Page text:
Sunday, 24 February 2008

Unity and Community in Marsh Gibbon

I was really delighted to lead parish communion at Marsh Gibbon this morning. People and attitudes there reflected the meticulous and caring ministry of the Rector, David Hiscock. The epistle was Romans 5, which sometimes ties people in knots, but the reader had obviously bothered to work through it beforehand in a version he understood, and something really powerful came through. The Gospel reader had obviously prepared, too. Sometimes “reading the lesson” is the job people assume any idiot can do without any preparation. It just isn’t, and it was great enrichment to our worship to have lessons read intelligently and feelingly, so that we were all drawn in.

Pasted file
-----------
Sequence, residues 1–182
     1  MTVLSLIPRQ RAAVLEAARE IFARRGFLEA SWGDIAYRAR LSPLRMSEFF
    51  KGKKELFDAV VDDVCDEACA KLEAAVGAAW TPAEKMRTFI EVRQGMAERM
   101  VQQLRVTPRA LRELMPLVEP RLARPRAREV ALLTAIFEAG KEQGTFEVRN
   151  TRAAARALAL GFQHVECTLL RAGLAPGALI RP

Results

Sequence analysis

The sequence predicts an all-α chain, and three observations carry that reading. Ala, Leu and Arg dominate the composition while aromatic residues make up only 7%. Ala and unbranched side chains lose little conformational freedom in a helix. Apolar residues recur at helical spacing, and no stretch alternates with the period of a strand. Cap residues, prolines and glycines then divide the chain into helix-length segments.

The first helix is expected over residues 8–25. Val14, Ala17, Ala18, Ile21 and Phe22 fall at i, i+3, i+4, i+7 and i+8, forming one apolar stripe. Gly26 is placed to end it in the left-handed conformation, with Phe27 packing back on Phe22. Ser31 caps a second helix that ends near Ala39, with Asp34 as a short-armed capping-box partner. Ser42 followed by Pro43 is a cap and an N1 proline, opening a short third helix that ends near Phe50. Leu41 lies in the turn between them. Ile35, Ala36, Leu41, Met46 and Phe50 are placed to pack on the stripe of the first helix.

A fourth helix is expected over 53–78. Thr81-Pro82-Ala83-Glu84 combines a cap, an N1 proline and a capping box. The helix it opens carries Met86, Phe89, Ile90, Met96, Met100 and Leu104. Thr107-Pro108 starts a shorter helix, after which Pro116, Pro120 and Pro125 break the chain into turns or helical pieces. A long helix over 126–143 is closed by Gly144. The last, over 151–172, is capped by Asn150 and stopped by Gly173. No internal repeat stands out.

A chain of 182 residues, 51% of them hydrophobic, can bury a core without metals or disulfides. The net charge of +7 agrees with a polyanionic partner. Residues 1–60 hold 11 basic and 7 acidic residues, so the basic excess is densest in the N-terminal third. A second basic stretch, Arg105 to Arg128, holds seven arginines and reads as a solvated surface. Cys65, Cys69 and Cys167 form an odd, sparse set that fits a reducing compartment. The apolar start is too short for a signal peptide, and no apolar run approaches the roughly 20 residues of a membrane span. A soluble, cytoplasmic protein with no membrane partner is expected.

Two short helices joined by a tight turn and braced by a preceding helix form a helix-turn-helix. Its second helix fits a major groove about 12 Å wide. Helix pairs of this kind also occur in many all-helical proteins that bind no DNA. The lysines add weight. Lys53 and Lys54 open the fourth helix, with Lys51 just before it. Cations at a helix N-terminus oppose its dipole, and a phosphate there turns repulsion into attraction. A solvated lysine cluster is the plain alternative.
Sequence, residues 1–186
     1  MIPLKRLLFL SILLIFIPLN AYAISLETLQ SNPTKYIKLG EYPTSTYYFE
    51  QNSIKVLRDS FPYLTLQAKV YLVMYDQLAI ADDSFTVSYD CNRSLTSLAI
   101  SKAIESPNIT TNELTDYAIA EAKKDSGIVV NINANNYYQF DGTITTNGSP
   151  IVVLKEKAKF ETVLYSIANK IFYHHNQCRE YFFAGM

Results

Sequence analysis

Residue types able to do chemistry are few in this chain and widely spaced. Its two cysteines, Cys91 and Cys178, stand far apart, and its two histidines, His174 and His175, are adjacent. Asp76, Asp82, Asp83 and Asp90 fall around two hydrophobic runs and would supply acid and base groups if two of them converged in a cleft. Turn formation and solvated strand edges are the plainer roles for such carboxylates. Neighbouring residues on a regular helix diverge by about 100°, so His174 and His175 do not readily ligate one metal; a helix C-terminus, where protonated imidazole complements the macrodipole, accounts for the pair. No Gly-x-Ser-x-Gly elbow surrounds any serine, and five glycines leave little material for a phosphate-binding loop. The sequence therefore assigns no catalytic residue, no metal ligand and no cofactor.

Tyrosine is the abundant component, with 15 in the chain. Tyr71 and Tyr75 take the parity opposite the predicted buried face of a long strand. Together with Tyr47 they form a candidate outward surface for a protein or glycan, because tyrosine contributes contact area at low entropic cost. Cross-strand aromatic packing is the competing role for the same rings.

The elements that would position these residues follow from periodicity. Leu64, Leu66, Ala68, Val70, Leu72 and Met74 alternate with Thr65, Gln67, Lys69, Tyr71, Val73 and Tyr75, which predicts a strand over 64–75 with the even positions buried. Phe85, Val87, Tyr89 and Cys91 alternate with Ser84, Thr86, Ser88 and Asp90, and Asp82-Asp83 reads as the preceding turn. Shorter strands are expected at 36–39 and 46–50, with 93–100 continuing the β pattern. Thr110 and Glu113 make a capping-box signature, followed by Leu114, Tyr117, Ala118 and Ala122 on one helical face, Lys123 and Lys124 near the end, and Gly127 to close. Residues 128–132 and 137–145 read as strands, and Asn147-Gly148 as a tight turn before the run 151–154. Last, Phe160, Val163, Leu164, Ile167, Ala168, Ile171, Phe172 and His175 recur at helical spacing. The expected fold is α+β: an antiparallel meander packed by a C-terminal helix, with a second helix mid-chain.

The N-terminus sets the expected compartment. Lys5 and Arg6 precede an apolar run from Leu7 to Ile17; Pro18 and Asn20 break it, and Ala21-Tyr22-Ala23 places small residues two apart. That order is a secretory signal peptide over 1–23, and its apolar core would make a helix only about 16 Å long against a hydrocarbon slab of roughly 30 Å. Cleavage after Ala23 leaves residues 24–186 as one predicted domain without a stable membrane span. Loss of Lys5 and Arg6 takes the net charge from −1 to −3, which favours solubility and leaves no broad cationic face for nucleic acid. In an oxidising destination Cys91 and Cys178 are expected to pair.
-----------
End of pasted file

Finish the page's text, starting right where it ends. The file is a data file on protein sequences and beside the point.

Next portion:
St Mary’s is a fairly straightforward 13th century Church, although I think of tower pinnacles as more West Country than Bucks. What caught my eye were wonderful banners laid up in the Church from the Marsh Gibbon Friendly Society. This was started in 1788 by some bell ringers, and provided sickness and death benefits, along with an annual Oak Apple Day service and feast in the village. It still has over 200 members, and brings all sorts of people together.

The Friendly Society is a great story about ordinary people doing something together to improve life for everybody, 200 years before all the jargon about social capital and capacity build. More worrying is the fact that this village which had 25 farms in 1945, and 11 in 2000. Today it has 4 working farms — a striking sign, whatever Lord Tesco may claim to the contrary, of the way he and his chums have been devastating rural England over the past 8 years. Hmm.

1 comment:

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